In the central nervous system, a neuron receives a large number of synaptic inputs from many surrounding cells, with individual synapses acting independently of one another. Synaptic plasticity, which is essential for high brain functions including learning and memory, is a synapse autonomous event under physiological conditions. A large amount of data has shown that both Hebbian-type synaptic plasticity including long-term potentiation (LTP) and long-term depression (LTD), as well as non-Hebbian type homeostatic synaptic plasticity are expressed via regulation of synaptic AMPA receptor (AMPAR) abundance, often by vesicle-mediated receptor trafficking. Given the fact that plasticity is highly synapse specific, investigation of synapse specific, activity-dependent regulation of AMPAR expression will provide crucial insights in our understanding of synapse physiology and brain function. Furthermore, homeostatic plasticity has been studied only at the neuronal population level;if and how it is expressed at single synapses remains elusive. To address these issues, we have set up two experimental paradigms in neuronal culture, in which activity levels of identifiable single synapses are specifically regulated. We will investigate the cellular mechanisms by which AMPAR abundance is specifically regulated in response to activity changes at single synapses.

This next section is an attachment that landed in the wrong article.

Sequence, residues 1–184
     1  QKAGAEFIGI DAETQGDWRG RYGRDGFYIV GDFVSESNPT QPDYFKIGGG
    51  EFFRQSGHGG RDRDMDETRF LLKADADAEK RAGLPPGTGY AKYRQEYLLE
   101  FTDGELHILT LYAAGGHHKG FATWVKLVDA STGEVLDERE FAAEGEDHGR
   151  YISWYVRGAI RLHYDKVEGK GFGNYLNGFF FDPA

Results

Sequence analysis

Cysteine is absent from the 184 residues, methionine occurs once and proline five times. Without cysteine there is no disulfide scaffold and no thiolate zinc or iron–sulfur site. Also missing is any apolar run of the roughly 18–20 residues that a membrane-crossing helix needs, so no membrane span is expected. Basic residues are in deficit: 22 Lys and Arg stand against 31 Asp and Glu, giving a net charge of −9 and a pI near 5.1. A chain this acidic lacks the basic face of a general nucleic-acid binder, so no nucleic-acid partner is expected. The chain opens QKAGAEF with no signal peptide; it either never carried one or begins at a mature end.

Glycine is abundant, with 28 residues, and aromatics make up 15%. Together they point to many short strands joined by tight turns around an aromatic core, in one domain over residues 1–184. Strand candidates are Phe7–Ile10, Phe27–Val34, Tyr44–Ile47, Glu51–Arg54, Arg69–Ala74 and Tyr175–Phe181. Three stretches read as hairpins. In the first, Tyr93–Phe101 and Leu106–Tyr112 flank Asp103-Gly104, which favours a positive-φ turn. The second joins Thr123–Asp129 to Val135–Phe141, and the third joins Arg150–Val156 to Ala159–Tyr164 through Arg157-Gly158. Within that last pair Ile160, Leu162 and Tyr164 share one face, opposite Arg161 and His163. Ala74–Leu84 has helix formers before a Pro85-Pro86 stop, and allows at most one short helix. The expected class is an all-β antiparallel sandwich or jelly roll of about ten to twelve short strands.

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The application aims to understand the mechanisms by which the strength of intercellular communication is regulated in neurons. By investigating synapse specific, activity-dependent regulation of AMPAR expression, this study will provide crucial insights in our understanding of synapse physiology and brain function.

National Institute of Health (NIH)
National Institute of Mental Health (NIMH)
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Synapses, Cytoskeleton and Trafficking Study Section (SYN)
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Asanuma, Chiiko
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Boston University
Schools of Arts and Sciences
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